Lots of bad stories in the heartless city. Here's one of the worst. It's from the LA Times Homicide blog, which tries to tell the story of every single murder victim in LA. Check out who they actually are.
The Right will focus on the victim's pregnant girlfriend, Latreyna Jones, having a 5 dollar car wash to pay for the burial. The Right should go to more of their own funerals.
I'd like to live in an America where the paper didn't feature weeping and bereft black folks every damn day of the week.
JILL LEOVY CHRONICLES LOS ANGELES COUNTY VICTIMS
Siblings torn apart by gunfire
Lavonne and Eric Mandeville, raised in foster care, couldn't have tried any harder to beat the odds and start a new life. And still Eric is dead.
By Jill Leovy
Times Staff Writer
May 13, 2007
This dispatch is adapted from The Homicide Report, an online project by Times staff writer Jill Leovy to report on every homicide victim in Los Angeles County, including the many whose deaths go unmarked in any other public forum or medium.
"Soft-spoken and quiet-like," is how a friend described Eric Omar Mandeville, 20, killed April 22 in Long Beach. At his funeral last week, a scattered family reunited to mourn the young man, who was shot to death late one night on his way to the local grocery mart.
The slaying is one of more than 335 in Los Angeles County since Jan. 1, a rate of a little less than three a day.
By an overwhelming margin, the victims, like Eric, were black or Latino young men.
Eric had tried hard to beat these statistics.
He earned $6.80 an hour working part time at a McDonald's in Long Beach. He and his sister Lavonne lived off his paychecks and the wages she earned as a nursing assistant.
The siblings had been raised in foster care. They didn't know where their father was, said Lavonne, Eric's elder by five years. Their mother had drug problems, and they grew up without her; for years, Lavonne thought she was dead.
As soon as Lavonne was emancipated from foster care, at age 18, she took her brother out of the system. The two survived however they could, sometimes relying on motel vouchers from homeless shelters to stay off the streets.
They went to school. They worked. Eventually, they were able to afford a small apartment off an alley in North Long Beach. In front, men drank out of cans in paper bags and music boomed from car stereos. But it was an improvement on where they'd been.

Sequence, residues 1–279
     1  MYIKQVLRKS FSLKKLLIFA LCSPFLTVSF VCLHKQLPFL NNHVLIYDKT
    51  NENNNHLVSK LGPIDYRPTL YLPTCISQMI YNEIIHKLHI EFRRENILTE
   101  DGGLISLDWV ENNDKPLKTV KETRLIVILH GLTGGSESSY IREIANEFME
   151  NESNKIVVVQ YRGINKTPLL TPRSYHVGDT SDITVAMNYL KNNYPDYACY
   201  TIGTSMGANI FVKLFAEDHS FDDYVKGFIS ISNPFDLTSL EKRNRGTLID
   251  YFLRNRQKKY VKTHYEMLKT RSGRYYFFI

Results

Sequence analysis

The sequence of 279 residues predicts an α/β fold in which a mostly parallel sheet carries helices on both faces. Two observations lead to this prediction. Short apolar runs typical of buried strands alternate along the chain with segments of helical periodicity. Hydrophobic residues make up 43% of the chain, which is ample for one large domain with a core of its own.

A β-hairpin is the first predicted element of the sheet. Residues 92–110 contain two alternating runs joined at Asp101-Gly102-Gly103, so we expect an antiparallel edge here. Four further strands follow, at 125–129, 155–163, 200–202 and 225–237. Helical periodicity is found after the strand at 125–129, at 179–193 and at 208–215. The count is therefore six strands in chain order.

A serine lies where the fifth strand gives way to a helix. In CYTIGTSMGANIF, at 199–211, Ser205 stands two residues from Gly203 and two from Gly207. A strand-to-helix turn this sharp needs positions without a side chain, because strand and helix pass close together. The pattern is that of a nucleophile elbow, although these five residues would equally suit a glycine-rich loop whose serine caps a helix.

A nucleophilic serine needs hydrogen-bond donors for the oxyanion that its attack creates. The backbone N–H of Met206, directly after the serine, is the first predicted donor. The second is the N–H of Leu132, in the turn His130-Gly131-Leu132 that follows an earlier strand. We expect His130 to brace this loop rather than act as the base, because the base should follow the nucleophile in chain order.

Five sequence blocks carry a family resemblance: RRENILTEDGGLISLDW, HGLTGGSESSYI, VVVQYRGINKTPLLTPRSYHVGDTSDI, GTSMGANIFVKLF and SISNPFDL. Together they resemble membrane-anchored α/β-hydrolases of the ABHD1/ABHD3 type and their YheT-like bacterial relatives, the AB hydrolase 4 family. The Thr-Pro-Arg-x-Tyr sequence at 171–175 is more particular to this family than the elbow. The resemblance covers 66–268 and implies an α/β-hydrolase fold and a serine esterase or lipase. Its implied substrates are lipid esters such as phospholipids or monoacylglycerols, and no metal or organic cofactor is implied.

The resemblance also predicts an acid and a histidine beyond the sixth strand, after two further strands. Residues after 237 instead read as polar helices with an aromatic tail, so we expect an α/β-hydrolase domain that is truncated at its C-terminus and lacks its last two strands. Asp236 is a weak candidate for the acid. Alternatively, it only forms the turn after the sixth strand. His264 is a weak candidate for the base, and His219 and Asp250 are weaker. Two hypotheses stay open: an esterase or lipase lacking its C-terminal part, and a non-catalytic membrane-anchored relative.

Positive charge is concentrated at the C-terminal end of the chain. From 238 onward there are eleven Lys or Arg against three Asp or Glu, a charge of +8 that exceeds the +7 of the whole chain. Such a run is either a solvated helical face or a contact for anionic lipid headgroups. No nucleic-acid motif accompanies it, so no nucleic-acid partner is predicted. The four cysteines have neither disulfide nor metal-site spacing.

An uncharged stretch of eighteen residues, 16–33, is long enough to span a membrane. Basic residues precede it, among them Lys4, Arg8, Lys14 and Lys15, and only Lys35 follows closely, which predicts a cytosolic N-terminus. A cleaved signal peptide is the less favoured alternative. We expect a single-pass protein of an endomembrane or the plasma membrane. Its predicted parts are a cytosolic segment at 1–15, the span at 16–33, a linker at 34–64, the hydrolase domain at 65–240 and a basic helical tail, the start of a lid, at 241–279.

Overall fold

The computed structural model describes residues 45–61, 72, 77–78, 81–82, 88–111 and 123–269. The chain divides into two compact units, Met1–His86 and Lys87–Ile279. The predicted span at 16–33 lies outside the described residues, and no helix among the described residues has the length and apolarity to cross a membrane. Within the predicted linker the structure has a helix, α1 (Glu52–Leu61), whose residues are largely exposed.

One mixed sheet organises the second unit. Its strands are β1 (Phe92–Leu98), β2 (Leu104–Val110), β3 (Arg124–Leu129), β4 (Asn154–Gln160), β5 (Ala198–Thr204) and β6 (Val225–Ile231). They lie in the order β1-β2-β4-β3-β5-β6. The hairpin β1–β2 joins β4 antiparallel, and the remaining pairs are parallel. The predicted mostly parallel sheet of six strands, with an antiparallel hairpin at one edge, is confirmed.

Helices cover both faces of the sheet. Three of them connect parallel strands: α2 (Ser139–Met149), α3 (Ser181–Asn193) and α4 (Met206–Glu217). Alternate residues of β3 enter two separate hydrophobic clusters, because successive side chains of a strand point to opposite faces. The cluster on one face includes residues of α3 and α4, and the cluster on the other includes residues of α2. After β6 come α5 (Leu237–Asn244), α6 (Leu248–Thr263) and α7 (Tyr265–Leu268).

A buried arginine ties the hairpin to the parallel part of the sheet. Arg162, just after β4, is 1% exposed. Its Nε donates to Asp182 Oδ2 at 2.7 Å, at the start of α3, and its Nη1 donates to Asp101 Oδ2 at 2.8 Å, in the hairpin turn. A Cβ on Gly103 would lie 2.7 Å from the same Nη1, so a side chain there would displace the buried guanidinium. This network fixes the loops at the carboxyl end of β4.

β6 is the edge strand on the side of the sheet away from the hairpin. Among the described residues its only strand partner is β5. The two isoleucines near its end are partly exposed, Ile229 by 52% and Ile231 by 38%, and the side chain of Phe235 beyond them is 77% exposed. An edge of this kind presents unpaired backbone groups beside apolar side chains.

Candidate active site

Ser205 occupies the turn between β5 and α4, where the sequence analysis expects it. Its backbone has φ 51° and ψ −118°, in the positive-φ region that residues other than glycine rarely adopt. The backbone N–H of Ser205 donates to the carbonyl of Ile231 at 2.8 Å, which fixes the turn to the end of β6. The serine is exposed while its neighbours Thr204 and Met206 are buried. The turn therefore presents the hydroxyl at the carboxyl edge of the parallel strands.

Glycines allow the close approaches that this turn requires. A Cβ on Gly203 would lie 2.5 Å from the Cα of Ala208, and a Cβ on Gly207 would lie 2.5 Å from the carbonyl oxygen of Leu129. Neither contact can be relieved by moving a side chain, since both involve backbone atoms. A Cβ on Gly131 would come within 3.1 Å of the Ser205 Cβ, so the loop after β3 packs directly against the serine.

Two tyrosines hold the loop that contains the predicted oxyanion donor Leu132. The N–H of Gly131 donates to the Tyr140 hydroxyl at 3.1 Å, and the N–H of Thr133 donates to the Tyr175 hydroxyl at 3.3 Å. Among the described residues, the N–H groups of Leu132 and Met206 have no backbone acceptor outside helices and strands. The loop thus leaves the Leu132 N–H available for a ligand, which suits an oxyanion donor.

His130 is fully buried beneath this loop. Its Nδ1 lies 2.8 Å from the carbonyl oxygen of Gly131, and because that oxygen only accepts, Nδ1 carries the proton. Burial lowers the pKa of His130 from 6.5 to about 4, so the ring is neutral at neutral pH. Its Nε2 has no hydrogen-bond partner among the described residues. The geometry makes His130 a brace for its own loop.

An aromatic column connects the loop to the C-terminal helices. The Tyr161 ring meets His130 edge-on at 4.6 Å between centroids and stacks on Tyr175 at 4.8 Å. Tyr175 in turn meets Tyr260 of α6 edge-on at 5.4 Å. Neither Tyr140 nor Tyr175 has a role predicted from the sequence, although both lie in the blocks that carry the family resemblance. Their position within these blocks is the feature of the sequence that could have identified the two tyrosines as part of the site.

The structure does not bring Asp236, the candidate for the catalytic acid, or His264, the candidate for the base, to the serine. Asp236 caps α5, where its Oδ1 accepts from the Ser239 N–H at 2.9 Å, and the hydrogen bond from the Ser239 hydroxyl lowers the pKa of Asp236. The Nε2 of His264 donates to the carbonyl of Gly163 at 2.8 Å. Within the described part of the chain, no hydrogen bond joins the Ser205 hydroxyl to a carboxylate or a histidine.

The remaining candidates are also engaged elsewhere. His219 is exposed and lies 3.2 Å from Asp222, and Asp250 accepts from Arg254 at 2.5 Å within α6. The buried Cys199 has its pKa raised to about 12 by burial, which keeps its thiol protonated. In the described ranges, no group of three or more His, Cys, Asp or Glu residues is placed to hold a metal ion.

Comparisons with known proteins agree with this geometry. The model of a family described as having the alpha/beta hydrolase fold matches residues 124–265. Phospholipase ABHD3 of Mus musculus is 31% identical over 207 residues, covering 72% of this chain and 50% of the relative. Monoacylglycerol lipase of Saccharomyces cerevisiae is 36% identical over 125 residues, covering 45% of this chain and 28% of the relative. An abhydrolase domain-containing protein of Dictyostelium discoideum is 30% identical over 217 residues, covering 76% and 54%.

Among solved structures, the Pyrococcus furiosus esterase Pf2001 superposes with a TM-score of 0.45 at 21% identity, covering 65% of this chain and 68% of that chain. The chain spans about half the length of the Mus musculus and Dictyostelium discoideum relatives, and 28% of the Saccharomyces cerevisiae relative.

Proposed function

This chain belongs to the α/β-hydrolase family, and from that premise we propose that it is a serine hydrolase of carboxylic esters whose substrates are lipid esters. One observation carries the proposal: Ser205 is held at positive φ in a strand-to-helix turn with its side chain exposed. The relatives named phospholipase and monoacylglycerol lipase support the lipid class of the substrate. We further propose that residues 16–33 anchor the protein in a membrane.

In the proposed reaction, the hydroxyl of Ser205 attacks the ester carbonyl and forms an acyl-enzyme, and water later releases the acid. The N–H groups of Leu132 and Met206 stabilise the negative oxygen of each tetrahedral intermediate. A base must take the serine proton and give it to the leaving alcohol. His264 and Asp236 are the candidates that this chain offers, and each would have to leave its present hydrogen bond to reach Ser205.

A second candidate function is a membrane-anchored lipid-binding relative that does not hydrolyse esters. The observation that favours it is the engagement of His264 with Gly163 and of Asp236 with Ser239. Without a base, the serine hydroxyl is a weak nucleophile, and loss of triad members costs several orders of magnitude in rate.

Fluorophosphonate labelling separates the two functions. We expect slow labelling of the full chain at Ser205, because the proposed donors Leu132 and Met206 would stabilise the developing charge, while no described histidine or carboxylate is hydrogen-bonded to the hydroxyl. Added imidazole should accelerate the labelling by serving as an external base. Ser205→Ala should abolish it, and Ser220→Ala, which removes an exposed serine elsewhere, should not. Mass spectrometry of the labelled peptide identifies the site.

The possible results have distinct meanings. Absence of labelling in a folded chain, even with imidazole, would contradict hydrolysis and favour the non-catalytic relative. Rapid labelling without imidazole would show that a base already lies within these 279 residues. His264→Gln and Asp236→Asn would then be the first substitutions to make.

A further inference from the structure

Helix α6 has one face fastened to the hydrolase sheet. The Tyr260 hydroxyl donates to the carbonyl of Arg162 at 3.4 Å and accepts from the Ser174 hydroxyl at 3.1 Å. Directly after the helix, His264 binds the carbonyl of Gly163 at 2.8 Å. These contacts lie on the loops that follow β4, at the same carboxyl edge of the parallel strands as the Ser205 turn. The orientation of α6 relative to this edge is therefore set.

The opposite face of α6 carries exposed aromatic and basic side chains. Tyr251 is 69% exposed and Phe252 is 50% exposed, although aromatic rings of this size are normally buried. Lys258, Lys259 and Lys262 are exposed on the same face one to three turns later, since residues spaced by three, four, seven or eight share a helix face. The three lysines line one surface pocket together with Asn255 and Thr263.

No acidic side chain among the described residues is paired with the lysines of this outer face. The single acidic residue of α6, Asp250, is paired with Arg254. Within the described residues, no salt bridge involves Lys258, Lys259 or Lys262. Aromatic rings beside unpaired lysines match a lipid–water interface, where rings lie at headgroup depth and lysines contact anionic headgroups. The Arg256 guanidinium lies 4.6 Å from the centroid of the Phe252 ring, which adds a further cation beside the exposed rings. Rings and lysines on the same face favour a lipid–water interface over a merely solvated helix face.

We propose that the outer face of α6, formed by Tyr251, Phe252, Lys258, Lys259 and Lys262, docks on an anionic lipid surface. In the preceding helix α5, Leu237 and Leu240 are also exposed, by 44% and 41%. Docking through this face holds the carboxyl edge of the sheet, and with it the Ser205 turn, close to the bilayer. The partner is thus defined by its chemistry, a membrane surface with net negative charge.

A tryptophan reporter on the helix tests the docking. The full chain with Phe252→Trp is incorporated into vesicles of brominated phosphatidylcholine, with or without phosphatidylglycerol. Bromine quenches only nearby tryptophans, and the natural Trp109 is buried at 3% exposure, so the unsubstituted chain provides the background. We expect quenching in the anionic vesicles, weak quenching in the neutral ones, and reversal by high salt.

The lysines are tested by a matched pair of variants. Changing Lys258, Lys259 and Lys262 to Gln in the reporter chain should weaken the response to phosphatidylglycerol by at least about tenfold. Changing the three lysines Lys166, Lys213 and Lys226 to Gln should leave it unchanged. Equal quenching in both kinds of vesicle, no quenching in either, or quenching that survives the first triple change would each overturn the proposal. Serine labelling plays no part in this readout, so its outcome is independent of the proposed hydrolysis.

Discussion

Eric would start getting ready for work two hours before he had to leave. He shaved so closely that his neck was peppered with little nicks. He toiled over his shirts, which always looked crisply ironed. He put on his McDonald's apron and his hat. His sister marveled that he wasn't embarrassed to wear them on the bus.
"Am I down?" he would ask her, worried that some part of him still did not look groomed. Then he set off, always forgetting to turn off the iron.
His co-workers and bosses knew nothing of his history. He was a well-liked employee — quiet, earnest, clean-cut. He greeted an older Latina at the restaurant every day in Spanish — he had learned a few phrases just for her.
He would often ask his bosses how he was doing, how he could get better, said McDonald's supervisor Don Cunnane. "I still can't believe it. Such a good kid," he said.
He and Lavonne had plans. They were going to move out of the county and open a group home for foster children like themselves.
He was shot at 1872 Locust Ave. about 2 a.m. Later that morning, bosses at McDonald's noticed Eric hadn't shown up for work. Cunnane was so concerned that he came out to the crime scene when he heard. The killing is still under investigation.
In the days after, Lavonne cried on the floor and had visions of Eric. She thought he was trying to tell her who had killed him.
It took her three days to track down their mother out of state. Lavonne, over the years, had managed to reassemble somewhat the family she and Eric had lost in childhood. By the time the funeral was held, she was surrounded by relatives and friends, including a brother who had been raised separately. But Eric remained the core.
"It was just me and him," she said. "He was all I had left."